Reaching New Delhi, booking train tickets, killing a few extra hours, observing the ominous Buddha-presence, moving towards Varanasi...

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Asubha: Meeting Corpses and Death
Posted: 9th of March, 2008 - 16:51
Walking around the ghats of Varanasi, death is a common sight. There are two main burning ghats where the deceased are brought, Harischanda Ghat the smaller, and Manikarnika Ghat the larger. The large piles of firewood tell their story of the volume of corpses daily burnt. If you are faint-hearted, I suggest not reading the blog beyond this paragraph.

Ten Meditation Objects

Visuddhimagga, an old encyclopedic Pali text, details ten different phases of the body that can function as meditation objects in what's technically called asubha-meditation. They are:

(1) swollen corpse, (2) discolored corpse, (3) decomposing corpse, (4) fissured corpse, (5) corpse gnawed by animals, (6) corpse with bones scattered, (7) corpse hacked up and scattered, (8) corpse still bleeding, (9) worm-infested corpse, (10) skeleton.

The Buddha recommends asubha-meditation, or the perception of the foulness of the body, especially as an antidote for lust and complacency. One of the classical Buddhist austerity practices is living at a graveyard, as there one can observe the reality of the different phases of the human body and be well in touch with the reality of temporary existence. Some of the specifics and merits of asubha-meditation are discussed in the Kayagata-sati Sutta (MN 119).

Views at the Ghats

While I haven't had access to the entire array given above, I've taken the available opportunities to make deep impressions on the mind. It is one thing to take a photo, and yet another to intently observe in a manner that etches an image deep into the mind. Clear images of the different facets of reality are assets worth collecting.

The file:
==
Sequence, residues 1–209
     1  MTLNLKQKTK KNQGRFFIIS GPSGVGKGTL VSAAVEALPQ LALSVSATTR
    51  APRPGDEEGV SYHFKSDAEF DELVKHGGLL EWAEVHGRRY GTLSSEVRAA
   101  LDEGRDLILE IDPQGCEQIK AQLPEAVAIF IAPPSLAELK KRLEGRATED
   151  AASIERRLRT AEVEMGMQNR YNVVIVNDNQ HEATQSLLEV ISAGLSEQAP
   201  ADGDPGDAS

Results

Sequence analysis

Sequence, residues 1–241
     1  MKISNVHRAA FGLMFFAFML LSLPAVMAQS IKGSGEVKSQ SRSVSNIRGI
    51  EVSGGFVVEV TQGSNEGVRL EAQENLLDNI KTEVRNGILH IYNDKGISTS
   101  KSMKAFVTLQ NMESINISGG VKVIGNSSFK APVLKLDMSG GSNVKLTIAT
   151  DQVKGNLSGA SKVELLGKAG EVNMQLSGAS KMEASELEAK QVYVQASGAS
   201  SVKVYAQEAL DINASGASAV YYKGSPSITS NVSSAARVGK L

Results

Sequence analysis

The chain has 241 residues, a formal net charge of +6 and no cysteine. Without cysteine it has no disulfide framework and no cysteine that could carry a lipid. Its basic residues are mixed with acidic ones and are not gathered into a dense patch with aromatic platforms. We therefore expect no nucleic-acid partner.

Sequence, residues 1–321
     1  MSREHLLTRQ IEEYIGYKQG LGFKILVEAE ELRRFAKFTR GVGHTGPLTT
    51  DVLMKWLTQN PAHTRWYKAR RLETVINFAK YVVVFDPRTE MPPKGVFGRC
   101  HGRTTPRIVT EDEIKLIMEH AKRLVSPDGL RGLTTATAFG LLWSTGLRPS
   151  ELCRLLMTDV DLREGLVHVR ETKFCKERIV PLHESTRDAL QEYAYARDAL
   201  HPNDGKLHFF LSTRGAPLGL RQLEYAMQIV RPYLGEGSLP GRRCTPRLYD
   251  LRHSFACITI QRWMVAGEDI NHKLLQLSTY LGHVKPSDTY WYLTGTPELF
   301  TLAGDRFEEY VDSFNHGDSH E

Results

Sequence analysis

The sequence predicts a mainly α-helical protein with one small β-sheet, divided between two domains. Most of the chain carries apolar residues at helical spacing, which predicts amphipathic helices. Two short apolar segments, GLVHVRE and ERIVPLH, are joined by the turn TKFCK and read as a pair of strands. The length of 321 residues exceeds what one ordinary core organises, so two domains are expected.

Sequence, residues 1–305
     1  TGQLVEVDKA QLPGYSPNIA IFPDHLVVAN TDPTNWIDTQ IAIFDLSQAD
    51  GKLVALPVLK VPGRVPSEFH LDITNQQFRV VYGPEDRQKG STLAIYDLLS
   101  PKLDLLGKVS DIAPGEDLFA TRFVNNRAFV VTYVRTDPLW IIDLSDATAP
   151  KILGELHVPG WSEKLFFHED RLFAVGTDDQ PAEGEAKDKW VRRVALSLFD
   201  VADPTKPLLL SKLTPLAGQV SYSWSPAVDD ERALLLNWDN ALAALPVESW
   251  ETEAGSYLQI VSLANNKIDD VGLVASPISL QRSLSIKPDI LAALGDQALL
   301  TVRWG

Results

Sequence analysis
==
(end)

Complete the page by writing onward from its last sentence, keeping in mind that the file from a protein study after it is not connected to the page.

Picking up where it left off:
As the first among the sights I saw an elderly woman, recently deceased, lying on a bamboo stretcher with her mouth stuck wide open, showing the rigor mortis and the stiffness of the body after life departs. The sight that followed was one of the corpse of a man in his forties in the early stages of burning. The bodily fluids in his head were coming to a boil and forming large bubbles around his facial area, his legs were already roasted to the bones from below.

Today's walk across the ghats brought me to a pyre where lied a slowly roasting body with nothing but the skull with some flesh attached to it, clinging to the black and roasted chest by the spine. The two men, wishing to set the spirit on his journey, began beating the skull with thick bamboo poles, causing the roasted remnant of a carcass to dance his final dance.

Further down the ghats along the bank of the Ganges there was a corpse floating down the stream, heavily swollen and discolored. Perhaps he had drowned, or perhaps he was among the classes of people that aren't burnt but are discarded into the river in whole. As I watched the corpse float by, a crow took the opportunity to land on this floating human island, standing on the corpse's head and pecking off chunks of meat from around its neck.

The stay in Varanasi has so far checked items 1-7 off the list of 10 — not too bad for a three day yield! The rest are rarer to come by, as burning the dead is a common practice, and there are rarely discarded bodies lying around. No doubt my future adventures will cover the rest and leave me with sights of the whole spectrum of bodily destinies.